In 2008, one of the few GOP endorsements Rep. Ron Paul received for his quixotic presidential run came from New Mexico Governor Gary Johnson.
Four years later, how did Paul repay Johnson’s loyalty? A few days after Johnson announces for president, Ron Paul also threw his hat in the ring, announcing an exploratory committee.
Could it be that Paul feels this is his “turf” and that Johnson was invading it? Could it be that Sen. Rand Paul is the only worthy successor — and that until he’s ready to inherit the libertarian dynasty — Ron will defend the family business?
That is what some are speculating. TheDC’s Amanda Carey recently noted the tension between Paul and former Rep. Bob Barr, who was the Libertarian Party nominee in 2008. She went on to note that Johnson’s “supporters have already dubbed him the ‘next Ron Paul,’ which begs the question: is the Republican field big enough for two libertarians?”
At least some observers think the answer to that question is “no.”
For example, as RedState’s Erick Erickson tweeted: “The RonPaul vs. GaryJohnson fan fight will be the Paulistinian version of Hamas v. Hezbollah, but with less rockets and more C++.”
There’s also a sense that Ron Paul is getting too old, and that it may be time for him to pass the torch. As Doug Mataconis, a libertarian-leaning blogger who writes at Below The Beltway told me, “Serious libertarian-leaning Republicans should be looking at Governor Johnson, not at Ron Paul, at this point.”
On the other hand, if the goal of Paul’s candidacy is to change the debate — not to win the nomination — there is a good argument that the more libertarian-leaning candidates, the better.
Last time, Paul’s anti-interventionist policies and call for a “humble foreign policy” appeared to be “fringe” ideas — partly because he was the only one on stage espousing them. During the primary debates, on issues such as Iraq, it was essentially Paul versus Rudy Giuliani, John McCain, Mitt Romney, Mike Huckabee — and everyone else.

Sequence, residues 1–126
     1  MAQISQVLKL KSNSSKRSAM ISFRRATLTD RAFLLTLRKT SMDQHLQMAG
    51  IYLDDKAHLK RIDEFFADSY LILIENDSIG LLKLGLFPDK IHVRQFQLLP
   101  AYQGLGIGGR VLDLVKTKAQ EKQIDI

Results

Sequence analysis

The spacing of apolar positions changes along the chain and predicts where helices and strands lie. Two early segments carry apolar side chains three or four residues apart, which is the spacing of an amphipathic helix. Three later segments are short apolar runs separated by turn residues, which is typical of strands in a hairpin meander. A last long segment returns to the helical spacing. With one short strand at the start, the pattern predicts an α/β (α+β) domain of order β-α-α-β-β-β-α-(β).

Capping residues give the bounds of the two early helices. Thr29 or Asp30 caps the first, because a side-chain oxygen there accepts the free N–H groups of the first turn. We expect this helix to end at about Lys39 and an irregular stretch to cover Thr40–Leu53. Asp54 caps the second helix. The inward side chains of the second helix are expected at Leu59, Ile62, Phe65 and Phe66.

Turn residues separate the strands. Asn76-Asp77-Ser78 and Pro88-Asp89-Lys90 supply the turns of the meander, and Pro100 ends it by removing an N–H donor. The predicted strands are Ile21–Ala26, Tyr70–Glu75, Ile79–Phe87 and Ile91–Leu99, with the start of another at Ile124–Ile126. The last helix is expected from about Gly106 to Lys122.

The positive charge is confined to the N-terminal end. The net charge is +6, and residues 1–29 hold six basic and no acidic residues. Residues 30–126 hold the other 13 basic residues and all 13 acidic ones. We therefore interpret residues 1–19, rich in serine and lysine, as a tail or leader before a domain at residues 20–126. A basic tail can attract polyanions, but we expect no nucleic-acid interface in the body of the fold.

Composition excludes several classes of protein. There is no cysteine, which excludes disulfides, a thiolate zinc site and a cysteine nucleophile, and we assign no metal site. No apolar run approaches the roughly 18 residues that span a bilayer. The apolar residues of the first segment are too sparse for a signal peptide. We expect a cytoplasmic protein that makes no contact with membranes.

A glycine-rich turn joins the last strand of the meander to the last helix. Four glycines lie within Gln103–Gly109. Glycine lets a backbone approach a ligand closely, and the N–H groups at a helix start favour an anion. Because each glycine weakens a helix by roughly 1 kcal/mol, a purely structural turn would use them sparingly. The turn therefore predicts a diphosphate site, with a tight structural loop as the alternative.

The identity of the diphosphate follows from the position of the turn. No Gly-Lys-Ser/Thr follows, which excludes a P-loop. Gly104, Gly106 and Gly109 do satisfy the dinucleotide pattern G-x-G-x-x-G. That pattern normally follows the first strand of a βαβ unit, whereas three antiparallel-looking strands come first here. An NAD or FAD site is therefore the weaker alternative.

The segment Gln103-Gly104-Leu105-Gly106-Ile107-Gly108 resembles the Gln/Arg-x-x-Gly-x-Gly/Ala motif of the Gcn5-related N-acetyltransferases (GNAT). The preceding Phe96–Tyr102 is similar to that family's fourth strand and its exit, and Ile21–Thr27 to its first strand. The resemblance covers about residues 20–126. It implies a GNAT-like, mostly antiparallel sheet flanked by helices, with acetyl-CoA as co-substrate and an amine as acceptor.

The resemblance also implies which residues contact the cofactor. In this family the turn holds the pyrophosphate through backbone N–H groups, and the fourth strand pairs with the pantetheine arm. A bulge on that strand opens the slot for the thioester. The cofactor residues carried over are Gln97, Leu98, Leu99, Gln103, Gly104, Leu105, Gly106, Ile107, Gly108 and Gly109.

There is reason to believe the libertarian-leaning Republicans may be more concerned with winning the argument than the election. In fact, in a February interview with ABC News’ Rick Klein and Amy Walter, Johnson hinted that it would be good for them both to run, saying, “Republicans need to grow their base. So I think the fact that there are a couple people talking about the same thing — arguably Ron Paul and myself — I think that’s a good thing … It needs to grow from where Ron Paul was in the last election cycle if these ideas are going to successful.”
A Paul/Johnson tag-team could impact the debate, and perhaps help to re-brand the GOP — or at least, make it a more diverse party, going forward. As Reason’s Matt Welch opined last November: “As an unabashed Johnson supporter (which is an extremely unusual place to find myself vis-a-vis a politician), my main hope has been that at least one libertarian-minded candidate make it to the GOP’s final round in 2012. Though as one wag suggested to me on Election Night, why not two?”